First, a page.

If you suspect that you have bacterial vaginosis for the first time, it might be a good idea to see your GP or visit your nearest sexual health clinic for an official diagnosis. This is because bacterial vaginosis symptoms can mimic those of a yeast infection and some sexually transmitted diseases.

You can also purchase kits that test for bacterial vaginosis. These are particularly useful if you are unsure about whether you have a yeast infection vs. bacterial vaginosis.

If you have recently had unprotected sex with a new partner and detect bacterial vaginosis symptoms, then you should book an appointment with your local sexual health clinic for a full sexual health screening.

At-risk groups

  • Pregnant women
  • Smokers
  • Women taking antibiotics
  • People with multiple sex partners or new sex partners
  • People with natural lack of lactobacilli bacteria

What are the home remedies for bacterial vaginosis?

Although Bacterial Vaginosis specific products such as Multi-Gyn Actigel or antibiotics are the recommended treatment for most cases of bacterial vaginosis, there are also several home remedies. Please note that these remedies are not scientifically proven.

A probiotic supplement

One of the home remedies for BV is to take a probiotic supplement, as these can help to introduce more good bacteria into your body.

If you already have BV, a probiotic can help to treat your symptoms and reduce the risk of future infections.

If you are taking antibiotics for BV, it is worth knowing that these can kill off both the good and bad bacteria in your vagina. However, by supplementing with a probiotic, you can replace some of the good bacteria and improve your vaginal health.


Garlic has antibacterial properties and has been used as a home remedy for bacterial vaginosis for a long time.

Boric acid

Boric acid suppositories can be used as a home remedy for BV. However, it is unlikely to be able to treat BV on its own.

How to prevent bacterial vaginosis

You can take several steps to reduce your risk of experiencing bacterial vaginosis or preventing reinfection. These include:

  • Using a condom during sex
  • Avoid a sexually transmitted infection
  • Use mild, non-deodorant wash to clean the external intimate area
  • Avoiding perfumed bath products
  • Not using vaginal deodorants
  • Washing your underwear with gentle detergent
  • Stopping smoking

Bacterial vaginosis FAQs

How do you get bacterial vaginosis?

Bacterial vaginosis is caused by an overgrowth of bad bacteria in your vagina. It is not a sexually transmitted infection, but it is more common in women with multiple sexual partners or those with a new sexual partner. It is also more common in women who have sex with women and those who use scented bath products.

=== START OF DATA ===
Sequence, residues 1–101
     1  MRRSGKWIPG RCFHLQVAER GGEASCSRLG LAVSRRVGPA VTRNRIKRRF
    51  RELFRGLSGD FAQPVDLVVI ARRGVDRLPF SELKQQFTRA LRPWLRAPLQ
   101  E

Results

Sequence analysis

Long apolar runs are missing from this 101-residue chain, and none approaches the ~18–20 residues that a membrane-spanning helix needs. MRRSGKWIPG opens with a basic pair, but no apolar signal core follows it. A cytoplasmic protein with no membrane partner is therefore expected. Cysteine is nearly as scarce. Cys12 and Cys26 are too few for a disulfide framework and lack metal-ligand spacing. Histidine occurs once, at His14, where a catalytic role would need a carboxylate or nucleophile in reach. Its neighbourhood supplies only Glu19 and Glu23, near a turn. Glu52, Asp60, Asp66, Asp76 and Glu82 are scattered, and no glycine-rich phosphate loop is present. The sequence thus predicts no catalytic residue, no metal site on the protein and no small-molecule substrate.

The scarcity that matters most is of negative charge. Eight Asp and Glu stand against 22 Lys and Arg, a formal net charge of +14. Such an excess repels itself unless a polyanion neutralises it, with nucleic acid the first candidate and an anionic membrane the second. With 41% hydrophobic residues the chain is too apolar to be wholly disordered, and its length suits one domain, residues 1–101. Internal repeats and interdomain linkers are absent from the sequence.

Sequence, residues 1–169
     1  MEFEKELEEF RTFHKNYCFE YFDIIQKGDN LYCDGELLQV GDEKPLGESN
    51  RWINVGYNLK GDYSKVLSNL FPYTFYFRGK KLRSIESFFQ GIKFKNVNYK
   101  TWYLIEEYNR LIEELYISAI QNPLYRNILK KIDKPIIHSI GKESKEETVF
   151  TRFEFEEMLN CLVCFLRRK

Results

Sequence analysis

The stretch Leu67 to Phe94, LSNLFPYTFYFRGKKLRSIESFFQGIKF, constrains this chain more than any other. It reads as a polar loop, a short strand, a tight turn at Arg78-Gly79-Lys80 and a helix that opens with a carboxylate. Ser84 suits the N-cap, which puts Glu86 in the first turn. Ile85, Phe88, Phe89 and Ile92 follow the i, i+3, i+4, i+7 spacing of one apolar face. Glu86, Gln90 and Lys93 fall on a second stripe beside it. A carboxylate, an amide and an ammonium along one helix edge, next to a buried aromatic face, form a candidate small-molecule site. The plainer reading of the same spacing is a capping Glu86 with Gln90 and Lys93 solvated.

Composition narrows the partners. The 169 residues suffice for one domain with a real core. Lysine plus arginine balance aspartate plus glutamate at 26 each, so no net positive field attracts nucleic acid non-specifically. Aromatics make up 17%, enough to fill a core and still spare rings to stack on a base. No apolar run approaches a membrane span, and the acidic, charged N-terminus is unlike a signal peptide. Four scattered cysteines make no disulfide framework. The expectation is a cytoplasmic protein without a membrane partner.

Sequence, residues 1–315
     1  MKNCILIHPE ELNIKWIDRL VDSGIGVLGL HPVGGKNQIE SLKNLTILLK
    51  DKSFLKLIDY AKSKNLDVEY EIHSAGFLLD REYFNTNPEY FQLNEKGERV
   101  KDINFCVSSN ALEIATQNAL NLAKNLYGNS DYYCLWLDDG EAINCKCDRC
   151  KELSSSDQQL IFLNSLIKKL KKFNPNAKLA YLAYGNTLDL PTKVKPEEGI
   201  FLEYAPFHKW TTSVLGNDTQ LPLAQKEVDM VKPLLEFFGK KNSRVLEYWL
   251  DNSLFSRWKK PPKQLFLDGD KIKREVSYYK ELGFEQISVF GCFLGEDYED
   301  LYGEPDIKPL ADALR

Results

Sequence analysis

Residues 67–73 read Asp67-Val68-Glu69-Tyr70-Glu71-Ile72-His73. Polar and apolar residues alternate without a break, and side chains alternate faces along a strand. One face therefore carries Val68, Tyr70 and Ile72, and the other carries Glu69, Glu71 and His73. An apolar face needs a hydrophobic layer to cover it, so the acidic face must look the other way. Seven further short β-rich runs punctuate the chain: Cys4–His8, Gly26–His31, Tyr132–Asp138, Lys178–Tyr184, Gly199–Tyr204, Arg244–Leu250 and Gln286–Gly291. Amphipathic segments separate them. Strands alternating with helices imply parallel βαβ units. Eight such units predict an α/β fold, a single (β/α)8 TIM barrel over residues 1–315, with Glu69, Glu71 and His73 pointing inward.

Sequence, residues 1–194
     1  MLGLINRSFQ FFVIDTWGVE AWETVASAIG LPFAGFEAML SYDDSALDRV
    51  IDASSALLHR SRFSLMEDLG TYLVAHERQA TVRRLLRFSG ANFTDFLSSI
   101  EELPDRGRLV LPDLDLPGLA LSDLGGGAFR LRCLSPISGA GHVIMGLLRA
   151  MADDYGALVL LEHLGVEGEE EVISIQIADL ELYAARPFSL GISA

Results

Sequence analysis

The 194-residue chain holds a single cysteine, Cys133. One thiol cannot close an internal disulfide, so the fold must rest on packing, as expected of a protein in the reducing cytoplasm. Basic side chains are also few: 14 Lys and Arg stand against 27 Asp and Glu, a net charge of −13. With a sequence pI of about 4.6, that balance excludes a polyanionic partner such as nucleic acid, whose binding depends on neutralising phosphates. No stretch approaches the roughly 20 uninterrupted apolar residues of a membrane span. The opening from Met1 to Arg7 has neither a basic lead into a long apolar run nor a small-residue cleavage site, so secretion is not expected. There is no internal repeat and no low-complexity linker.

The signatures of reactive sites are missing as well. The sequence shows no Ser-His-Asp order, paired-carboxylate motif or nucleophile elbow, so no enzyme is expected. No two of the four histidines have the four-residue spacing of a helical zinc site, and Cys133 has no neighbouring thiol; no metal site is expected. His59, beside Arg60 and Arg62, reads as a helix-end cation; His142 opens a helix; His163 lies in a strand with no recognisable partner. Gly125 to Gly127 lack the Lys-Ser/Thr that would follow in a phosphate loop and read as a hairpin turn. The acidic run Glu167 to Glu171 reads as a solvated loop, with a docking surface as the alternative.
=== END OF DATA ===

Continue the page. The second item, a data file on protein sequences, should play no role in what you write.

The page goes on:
What does bacterial vaginosis look like?

The Bacterial vaginosis discharge colour varies, but typically it results in a white, grey, or green vaginal discharge that often has a strong fishy odour. You may also experience other symptoms such as vaginal itching and bacterial vaginosis burning during urination.

Can bacterial vaginosis cause bleeding?

Bacterial vaginosis bleeding is not a symptom of this infection, so if you do notice any unusual bleeding between your periods, then BV may not be the cause, and you should make an appointment with your doctor to be certain.

Is bacterial vaginosis contagious?

Bacterial vaginosis cannot be passed from a woman to a man or vice versa, as only women can get BV. However, if you have sex with women, you can pass BV on to one another. Sex can also make bacterial vaginosis symptoms in women worse.

Is bacterial vaginosis an STD?

No, bacterial vaginosis is not an STD, although it can be sexually transmitted between women, and being sexually active can increase your risk of getting a BV infection.

Can men get bacterial vaginosis?

No, men cannot get bacterial vaginosis as it is an infection of the vagina. Men can also not pass on bacterial vaginosis to women and vice versa.

Does bacterial vaginosis go away?

In some cases, bacterial vaginosis can go away on its own. However, usually, your GP or sexual health practitioner will recommend a course of antibiotics or acidic gel. If you experience recurring BV, please contact your doctor.

Can you have sex with bacterial vaginosis?

Yes, you can have sex with bacterial vaginosis, but this may make your symptoms worse, especially bacterial vaginosis itching. If you are having sex with a woman, then you should stop having sex until you have finished your treatment, as you can pass BV back and forth from one another. This can lead to recurring BV.

Can bacterial vaginosis cause pain?

Bacterial vaginosis can cause abdominal pain or discomfort, especially untreated bacterial vaginosis. You may also notice the bacterial vaginosis smell is fishy.

How long does bacterial vaginosis last?

Most bacterial vaginosis treatments last for 7 days, and the infection should clear up within this time. However, it is common for bacterial vaginosis to come back, usually within three months of treatment. 

How to test for bacterial vaginosis?

The easiest way to test for bacterial vaginosis is to book an appointment with your GP or visit your local sexual health clinic. A bacterial vaginosis test is simple and involves a cotton bud being wiped over the discharge inside your vagina.

You can also purchase test kits online for bacterial vaginosis, but these will not test for other infections such as chlamydia or gonorrhoea.